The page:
Blog: Chris Brook-CarterOne bad apple

Chris Brook-Carter | 25 November 2003

Walk into a UK pub or bar and contemplate the array of drinks on offer, and one that many people would not consider is cider. Unless, of course, you walk into a pub in the west country. A recent trip to Somerset confirms that, in this small pocket of the United Kingdom at least, cider is alive and well. But times have been tough for the drink.

Since around 1995, cider volumes have been down and value has been eroded. As the popularity of cider has taken a beating, so has its relevance to retailers. The emphasis has been more on “buy one, get one free” or “50% extra free” than trying to “sex up” the image of cider to a new generation of drinkers. Peter Spencer, managing director of Matthew Clark, makers of Blackthorn and Gaymer’s Olde English, is well aware of the situation. “Most people tend to associate cider with either their first teenage hangover, or men with pipes and beards.”

The fiasco at Bulmers, and the subsequent acquisition of the company by Scottish & Newcastle, has redirected the focus in the industry away from this main issue. These have been interesting – and difficult – times for those in the business of making cider. But Matthew Clark has recently made a strong statement of intent for the future. The company remains committed to the cider business, and believes that it is a strategic imperative for both Matthew Clark and its owner Constellation.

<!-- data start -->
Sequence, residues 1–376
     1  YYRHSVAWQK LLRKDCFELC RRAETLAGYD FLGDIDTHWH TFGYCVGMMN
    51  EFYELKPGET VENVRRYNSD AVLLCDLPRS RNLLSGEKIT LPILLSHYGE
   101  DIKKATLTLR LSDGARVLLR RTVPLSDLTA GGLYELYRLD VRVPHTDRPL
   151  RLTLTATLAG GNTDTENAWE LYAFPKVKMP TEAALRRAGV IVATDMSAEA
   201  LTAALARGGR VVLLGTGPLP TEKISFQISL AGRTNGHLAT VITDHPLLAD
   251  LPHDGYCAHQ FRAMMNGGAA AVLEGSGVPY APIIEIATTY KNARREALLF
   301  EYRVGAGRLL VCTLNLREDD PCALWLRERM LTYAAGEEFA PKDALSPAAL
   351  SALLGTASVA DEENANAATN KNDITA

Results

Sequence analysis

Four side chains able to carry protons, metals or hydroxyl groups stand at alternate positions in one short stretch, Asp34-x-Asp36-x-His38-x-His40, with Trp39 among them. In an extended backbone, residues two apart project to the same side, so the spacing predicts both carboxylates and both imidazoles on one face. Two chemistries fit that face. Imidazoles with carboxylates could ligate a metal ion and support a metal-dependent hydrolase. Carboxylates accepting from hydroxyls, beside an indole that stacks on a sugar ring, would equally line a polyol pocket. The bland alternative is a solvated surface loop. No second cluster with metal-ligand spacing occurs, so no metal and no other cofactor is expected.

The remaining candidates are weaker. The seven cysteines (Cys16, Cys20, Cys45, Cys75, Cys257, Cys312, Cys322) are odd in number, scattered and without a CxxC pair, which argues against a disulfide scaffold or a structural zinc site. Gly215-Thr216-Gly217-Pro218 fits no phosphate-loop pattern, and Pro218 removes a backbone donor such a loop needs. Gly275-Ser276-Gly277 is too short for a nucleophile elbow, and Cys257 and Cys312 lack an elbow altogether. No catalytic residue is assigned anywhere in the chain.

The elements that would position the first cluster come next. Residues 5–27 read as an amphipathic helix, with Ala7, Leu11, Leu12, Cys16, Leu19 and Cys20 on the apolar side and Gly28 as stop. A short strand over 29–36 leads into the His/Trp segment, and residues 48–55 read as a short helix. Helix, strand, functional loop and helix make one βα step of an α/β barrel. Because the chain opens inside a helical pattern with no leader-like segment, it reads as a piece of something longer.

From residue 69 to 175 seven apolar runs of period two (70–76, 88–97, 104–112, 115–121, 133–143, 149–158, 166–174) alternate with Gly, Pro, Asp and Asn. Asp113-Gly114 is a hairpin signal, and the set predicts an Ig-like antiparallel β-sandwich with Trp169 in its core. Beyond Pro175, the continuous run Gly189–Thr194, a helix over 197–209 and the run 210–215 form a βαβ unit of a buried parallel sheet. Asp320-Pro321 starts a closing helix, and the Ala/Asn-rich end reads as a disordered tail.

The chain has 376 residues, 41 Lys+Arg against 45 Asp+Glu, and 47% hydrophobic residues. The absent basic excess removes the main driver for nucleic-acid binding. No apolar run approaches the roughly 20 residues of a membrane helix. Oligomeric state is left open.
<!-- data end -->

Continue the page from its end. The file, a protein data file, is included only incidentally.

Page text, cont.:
What the industry needs is a market leader to take control of the perceptions surrounding cider drinking. Be it Bulmers or Matthew Clark, the sooner these issues in the British drinkers’ heads are challenged, the sooner the choppy waters of the past eight years can be greeted by a calming, golden sunrise.


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